Surviving First Term of Grad School… You Can Do It!

So I began the Fall quarter at Dartmouth in September, signed up for three real classes and two faux ones. 10 weeks of grueling problem sets and killer exams later, I can proudly say that I came out of the experience invigorated by the material, excruciatingly tired, 15 pounds lighter, and sporting three high passes on my transcript. My goal here is to give those entering grad school an idea about how I survived and thrived during this rigorous first term. What will follow is broken up into five aspects of grad school life that I feel we need to have more than a modicum of mastery over: the qualification exam, organization, coursework, your social life, and research. If anyone has anything to add to this sparse guide, I’m sure the advice will be greatly appreciated.

First off, the qualification exam. This needs to be passed by the end of your second year, so make sure that you design your course load to fill in any gaps you may have in fundamentals. Here’s an example of some of the old quals that were given here at Dartmouth:

Don’t be afraid to try to take the exams right when you start grad school; I did and passed them on my first try. If you are able to do this, it will give you a lot more flexibility in the classes you can sign up for, allowing you to pursue courses more for your own interest in them as opposed to having them be gap fillers. If you don’t pass, well you still have till the end of your second year to do so. It’s highly recommended that you show up to your grad school about a month before the term begins. This will give you plenty of time to review, find copies of old qualification exams, and work on as many problems as possible before the department throws the qual at you.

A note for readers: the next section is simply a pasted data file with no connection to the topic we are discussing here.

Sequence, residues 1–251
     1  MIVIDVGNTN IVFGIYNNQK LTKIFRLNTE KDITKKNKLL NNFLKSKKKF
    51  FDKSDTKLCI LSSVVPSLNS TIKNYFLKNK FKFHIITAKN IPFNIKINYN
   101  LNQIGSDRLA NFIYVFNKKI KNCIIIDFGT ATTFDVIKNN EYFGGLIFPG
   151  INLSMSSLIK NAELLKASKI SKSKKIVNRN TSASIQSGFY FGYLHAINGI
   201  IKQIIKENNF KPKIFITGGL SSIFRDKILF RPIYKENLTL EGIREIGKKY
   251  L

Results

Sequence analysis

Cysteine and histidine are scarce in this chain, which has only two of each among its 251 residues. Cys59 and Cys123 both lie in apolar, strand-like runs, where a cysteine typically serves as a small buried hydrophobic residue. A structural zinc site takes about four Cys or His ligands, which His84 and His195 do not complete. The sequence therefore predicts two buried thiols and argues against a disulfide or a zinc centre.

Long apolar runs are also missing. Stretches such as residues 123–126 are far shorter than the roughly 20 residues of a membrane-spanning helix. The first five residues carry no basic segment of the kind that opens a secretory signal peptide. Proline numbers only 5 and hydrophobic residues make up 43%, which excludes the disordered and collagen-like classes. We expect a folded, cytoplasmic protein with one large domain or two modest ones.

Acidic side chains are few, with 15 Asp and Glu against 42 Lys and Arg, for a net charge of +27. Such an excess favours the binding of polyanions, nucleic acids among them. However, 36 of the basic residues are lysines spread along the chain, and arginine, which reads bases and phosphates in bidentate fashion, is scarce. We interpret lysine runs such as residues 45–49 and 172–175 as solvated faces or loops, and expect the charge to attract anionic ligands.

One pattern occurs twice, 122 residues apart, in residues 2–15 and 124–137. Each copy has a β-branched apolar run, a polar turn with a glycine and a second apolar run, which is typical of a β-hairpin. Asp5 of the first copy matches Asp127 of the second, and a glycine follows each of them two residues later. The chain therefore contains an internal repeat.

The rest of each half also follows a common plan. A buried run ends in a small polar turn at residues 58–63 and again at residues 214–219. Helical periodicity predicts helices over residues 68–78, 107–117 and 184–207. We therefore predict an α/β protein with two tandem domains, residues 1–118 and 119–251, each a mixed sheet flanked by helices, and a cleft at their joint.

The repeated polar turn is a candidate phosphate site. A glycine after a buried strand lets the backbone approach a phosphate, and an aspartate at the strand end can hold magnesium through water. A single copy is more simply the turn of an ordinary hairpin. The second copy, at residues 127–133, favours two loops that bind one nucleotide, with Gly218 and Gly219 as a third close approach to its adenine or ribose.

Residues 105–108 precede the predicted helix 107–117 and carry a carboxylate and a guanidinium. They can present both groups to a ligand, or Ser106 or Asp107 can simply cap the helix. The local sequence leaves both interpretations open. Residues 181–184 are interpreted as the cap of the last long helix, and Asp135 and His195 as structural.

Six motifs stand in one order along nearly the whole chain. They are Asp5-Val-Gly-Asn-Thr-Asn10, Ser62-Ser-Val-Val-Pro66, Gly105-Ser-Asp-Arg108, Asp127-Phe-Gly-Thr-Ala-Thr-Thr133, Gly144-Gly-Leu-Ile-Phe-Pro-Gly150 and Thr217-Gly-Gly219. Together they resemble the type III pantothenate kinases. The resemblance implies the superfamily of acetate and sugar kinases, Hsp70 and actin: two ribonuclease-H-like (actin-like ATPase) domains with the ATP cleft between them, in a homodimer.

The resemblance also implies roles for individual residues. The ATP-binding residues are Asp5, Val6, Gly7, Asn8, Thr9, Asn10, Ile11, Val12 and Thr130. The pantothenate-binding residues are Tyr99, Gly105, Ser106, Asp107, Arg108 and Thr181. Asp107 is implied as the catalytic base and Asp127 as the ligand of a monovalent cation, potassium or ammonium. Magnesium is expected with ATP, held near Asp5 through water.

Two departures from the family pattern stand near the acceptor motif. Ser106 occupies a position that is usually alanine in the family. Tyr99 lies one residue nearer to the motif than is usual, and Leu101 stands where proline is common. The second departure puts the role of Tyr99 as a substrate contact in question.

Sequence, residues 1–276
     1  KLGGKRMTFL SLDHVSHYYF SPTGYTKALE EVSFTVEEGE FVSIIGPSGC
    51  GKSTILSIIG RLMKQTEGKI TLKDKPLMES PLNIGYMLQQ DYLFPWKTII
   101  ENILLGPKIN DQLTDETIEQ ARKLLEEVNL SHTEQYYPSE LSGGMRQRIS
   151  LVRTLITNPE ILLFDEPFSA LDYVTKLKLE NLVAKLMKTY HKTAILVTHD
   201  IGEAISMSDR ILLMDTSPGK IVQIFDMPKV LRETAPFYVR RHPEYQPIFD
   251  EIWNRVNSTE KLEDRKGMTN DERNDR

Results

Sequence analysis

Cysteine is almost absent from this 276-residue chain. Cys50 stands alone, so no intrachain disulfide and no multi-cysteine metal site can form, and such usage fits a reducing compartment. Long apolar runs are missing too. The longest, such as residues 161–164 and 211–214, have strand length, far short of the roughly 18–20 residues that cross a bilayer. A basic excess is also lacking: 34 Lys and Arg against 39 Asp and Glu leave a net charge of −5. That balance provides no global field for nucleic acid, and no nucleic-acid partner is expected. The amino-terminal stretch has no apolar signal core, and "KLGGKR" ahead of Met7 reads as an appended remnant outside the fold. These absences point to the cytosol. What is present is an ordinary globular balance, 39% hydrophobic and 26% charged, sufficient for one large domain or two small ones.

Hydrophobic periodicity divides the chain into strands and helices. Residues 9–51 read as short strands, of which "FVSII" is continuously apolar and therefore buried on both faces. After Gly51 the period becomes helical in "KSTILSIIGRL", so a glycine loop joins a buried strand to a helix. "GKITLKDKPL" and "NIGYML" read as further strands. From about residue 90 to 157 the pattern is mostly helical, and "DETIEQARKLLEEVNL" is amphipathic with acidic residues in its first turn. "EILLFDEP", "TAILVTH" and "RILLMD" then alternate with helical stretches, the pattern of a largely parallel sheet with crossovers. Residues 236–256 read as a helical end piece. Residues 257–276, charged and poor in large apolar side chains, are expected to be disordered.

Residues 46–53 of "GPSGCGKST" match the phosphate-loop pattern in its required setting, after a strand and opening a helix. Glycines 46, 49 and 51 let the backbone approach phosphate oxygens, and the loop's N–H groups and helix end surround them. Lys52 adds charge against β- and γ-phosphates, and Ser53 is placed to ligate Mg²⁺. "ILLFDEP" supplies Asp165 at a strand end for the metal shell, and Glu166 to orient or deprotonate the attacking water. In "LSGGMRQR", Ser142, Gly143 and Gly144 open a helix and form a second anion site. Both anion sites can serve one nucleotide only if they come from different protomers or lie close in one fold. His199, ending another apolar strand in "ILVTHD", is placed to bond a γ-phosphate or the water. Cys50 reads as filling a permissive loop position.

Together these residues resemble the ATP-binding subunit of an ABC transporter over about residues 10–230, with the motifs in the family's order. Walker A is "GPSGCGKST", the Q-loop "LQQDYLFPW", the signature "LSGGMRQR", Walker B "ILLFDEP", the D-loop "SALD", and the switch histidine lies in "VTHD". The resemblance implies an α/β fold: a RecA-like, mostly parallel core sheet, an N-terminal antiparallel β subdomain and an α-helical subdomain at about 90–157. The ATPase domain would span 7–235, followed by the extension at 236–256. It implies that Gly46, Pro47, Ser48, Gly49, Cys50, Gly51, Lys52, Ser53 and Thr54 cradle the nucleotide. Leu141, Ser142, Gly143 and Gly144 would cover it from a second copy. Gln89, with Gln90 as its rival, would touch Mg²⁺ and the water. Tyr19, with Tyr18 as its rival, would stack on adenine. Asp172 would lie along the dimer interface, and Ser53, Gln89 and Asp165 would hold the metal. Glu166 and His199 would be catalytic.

Now I hope you realize that you will be spending A LOT of time in your office. This means you have to organize yourself to be comfortable there. Your desk will be your home away from home, so make sure it’s clean. Get some crucial pieces from your library there, bring extra USB cables, a charger for your phone/iPad/Kindle/toaster. Bring a teddy bear to cuddle with on the office couch, and some chocolate to cure a late night sugar craving. Buy some plants, especially if you’re in the Northern climates. When the Winter hits, you won’t be seeing green for several months, and a nice palm or flower on your desk will certainly help to fight back the Winter blues. Lastly, if you have some extra dough lying around, get yourself a desktop computer. Laptops are nice, but given the amount of time you’ll be staring at a screen, your eyes will thank you for a 27 inch monitor instead of a 15 inch one. It took me about a month to get my desk space up and running, but now I feel at home every time I step into my office.

By the way, if you’re the type to write in pen, I highly suggest checking out these amazing .3mm muji pens. Hopefully you can get your workspace setup before classes begin, but if you don’t then try to sooner rather than later. Being organized is the first defense against a grueling term. Now, coursework…